Author: Leopoldo Y. Yabes
Editor:
ISBN:
Size: 16,77 MB
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Structural Steelwork Design To Bs 5950

Author: L. J. Morris
Editor: Trans-Atlantic Publications
ISBN: 9780582230880
Size: 11,58 MB
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This student text deals with design at an elementary level, familiarising the reader with BS 5950, then proceeds to cover all aspects of the design of whole buildings, highlighting the integration of elements to produce economic, safe structures.

Early Reader Non Fiction

Author: Martin Brown
Editor: Hodder Children's Books
ISBN: 9781444015997
Size: 18,29 MB
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William Faulkner In Hollywood

Author: Stefan Solomon
Editor: University of Georgia Press
ISBN: 0820351148
Size: 14,70 MB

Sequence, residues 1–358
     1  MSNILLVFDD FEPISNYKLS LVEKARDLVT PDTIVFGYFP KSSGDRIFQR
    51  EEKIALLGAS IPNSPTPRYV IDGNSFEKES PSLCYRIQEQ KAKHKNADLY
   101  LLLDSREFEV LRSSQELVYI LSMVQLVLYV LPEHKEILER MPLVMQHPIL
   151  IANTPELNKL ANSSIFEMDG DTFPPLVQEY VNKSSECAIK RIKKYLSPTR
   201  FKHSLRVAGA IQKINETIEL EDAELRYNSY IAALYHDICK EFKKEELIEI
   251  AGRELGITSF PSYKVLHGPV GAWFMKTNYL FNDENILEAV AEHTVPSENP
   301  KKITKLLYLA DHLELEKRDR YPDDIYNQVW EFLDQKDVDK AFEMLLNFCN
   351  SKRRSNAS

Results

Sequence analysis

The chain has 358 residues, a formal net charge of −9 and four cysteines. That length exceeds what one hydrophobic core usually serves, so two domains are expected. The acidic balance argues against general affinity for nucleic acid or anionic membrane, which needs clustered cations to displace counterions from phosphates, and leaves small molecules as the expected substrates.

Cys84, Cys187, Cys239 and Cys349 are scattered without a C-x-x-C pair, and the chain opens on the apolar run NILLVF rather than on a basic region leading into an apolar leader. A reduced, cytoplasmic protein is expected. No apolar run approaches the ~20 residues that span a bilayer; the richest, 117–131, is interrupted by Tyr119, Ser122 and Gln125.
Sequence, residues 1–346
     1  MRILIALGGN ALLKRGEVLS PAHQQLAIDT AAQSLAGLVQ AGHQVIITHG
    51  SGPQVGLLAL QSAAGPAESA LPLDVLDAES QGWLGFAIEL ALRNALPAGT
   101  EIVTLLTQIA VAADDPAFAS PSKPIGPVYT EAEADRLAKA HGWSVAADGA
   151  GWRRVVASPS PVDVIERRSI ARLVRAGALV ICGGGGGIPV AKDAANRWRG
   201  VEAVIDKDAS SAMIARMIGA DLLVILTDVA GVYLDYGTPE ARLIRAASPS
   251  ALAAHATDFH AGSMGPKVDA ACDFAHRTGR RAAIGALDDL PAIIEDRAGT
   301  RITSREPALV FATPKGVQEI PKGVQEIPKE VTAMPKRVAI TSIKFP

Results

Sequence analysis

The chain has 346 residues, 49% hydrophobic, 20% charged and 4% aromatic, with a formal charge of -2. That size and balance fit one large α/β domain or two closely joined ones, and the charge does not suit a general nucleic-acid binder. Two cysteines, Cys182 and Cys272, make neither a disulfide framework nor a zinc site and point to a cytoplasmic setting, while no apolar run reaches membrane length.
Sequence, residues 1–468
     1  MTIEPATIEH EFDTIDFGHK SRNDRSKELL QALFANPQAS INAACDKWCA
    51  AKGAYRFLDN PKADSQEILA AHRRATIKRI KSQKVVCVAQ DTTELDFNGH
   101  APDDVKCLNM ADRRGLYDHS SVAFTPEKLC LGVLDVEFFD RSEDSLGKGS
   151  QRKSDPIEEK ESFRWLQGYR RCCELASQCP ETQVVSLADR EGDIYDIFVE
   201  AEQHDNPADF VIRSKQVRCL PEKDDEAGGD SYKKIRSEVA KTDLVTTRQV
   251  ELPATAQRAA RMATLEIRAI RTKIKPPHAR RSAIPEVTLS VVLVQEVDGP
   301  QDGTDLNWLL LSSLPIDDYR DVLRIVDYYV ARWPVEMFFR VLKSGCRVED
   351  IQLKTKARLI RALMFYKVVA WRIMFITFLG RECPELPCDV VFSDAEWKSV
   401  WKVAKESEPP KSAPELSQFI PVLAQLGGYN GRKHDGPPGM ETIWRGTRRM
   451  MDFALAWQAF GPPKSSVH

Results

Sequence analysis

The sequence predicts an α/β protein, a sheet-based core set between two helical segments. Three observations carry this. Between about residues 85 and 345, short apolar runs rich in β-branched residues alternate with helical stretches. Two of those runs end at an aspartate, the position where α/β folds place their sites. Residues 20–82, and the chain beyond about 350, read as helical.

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During more than two decades (1932–1954), William Faulkner worked on approximately fifty screenplays for studios, including MGM, 20th Century–Fox, and Warner Bros., and was credited on such classic films as The Big Sleep and To Have and Have Not. The scripts that Faulkner wrote for film—and, later on, television—constitute an extensive and, until now, thoroughly underexplored archival source. Stefan Solomon not only analyzes the majority of these scripts but compares them to the novels and short stories Faulkner was writing at the same time. Solomon’s aim is to reconcile two aspects of a career that were not as distinct as they first might seem: Faulkner as a screenwriter and Faulkner as a high modernist, Nobel Prize–winning author. Faulkner’s Hollywood sojourns took place during a period roughly bounded by the publication of Light in August (1932) and A Fable (1954) and that also saw the publication of Absalom, Absalom!; Go Down, Moses; and Intruder in the Dust. As Solomon shows Faulkner attuning himself to the idiosyncrasies of the screen­writing process (a craft he never favored or admired), he offers insights into Faulkner’s compositional practice, thematic preoccupations, and understanding of both classic cinema and the emerging medium of television. In the midst of this complex exchange of media and genres, much of Faulkner’s fiction of the 1930s and 1940s was directly influenced by his protracted engagement with the film industry. Solomon helps us to see a corpus integrating two vastly different modes of writing and a restless author, sensitive to the different demands of each. Faulkner was never simply the southern novelist or the West Coast “hack writer” but always both at once. Solomon’s study shows that Faulkner’s screenplays are crucial in any consideration of his far more esteemed fiction—and that the two forms of writing are more porous and intertwined than the author himself would have us believe. Here is a major American writer seen in a remarkably new way.